Monday, August 5, 2013

Twenty Questions for a Mysterious Character

When I first began to write, I soon became aware that my characters were, well, shallow. The plot pushed them around; their attitudes and outlooks changed from moment to moment. From somewhere - I don't remember where - I picked up on the concept of Twenty Questions.

Basically, you create a sketch outline for your character. You begin by asking yourself twenty questions about the person and answering them. They begin with the character's physical appearance, and they progress to the crucial issues in the character's life. By the time you finish thinking of, and writing down, the answers, you know your character much better.

Examples (your mileage may vary because you come up with your own questions)


  1. What is the character's gender?
  2. What is the character's age?
  3. What are the character's eye color, hair color, and complexion?
  4. What are the character's weight and height?
  5. What feature of the character is memorable to those meeting the character for the first time?
  6. What one feature of the character would the character change, and why?
  1. Where was the character born, and under what circumstances?
  2. Who were the character's parents?
  3. What was the character's childhood like?
  4. How did the character do in school?
  5. What kinds of partners is the character attracted to?
  1. Where does the character live?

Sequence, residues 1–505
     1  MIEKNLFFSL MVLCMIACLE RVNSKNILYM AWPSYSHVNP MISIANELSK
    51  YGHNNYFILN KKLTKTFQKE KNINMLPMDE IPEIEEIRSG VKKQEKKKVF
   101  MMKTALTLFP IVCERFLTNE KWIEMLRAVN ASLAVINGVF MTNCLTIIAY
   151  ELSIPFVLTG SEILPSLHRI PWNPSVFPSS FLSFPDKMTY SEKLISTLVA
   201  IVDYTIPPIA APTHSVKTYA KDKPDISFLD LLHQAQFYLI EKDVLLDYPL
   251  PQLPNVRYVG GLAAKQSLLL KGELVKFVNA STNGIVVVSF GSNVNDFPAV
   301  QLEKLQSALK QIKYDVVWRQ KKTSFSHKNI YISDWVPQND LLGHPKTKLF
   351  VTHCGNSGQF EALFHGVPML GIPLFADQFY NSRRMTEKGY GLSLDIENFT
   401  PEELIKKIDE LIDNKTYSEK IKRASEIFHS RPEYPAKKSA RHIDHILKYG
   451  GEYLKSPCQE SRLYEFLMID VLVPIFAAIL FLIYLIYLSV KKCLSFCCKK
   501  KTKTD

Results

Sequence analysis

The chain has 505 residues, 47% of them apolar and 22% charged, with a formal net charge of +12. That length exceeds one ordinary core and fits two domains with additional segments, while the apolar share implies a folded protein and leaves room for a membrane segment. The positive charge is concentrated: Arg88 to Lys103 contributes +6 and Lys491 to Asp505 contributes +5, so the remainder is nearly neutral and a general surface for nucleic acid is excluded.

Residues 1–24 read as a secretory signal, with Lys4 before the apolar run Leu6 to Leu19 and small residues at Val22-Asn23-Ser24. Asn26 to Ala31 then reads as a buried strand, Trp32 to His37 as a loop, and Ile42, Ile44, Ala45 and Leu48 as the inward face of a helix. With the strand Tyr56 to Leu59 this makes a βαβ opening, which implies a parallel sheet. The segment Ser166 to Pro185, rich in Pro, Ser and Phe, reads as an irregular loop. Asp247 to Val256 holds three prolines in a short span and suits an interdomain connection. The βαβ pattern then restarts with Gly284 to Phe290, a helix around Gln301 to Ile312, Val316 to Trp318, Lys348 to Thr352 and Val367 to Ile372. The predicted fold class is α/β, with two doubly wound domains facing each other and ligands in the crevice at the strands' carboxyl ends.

2. What work does the character do, if any? If none, why?
  3. What activities make the character happiest?
  4. What activities or circumstances upset or distress the character?
  5. What is the character's voice like when the character is tense, happy, frightened, or angry?
  1. What is the character's greatest secret fear?
  2. What is the character's favorite possession, and why is it a favorite?
  3. What does the character want more than anything but cannot have?
  4. What action or thought is utterly beyond the character's ability?
Having come this far, you may want to elaborate. That's fine. You should. Ask more questions. Find out what the character's great need (recognized or unrecognized) is; discover what the character's trigger points are for rage, for fear, for love.

Then write a biography of the character. Make it at least a thousand words long, longer if you really want to know the character. Zero in on the character's needs, desires, fears, and goals.

You're standing on the brink of a story.

No comments:

Post a Comment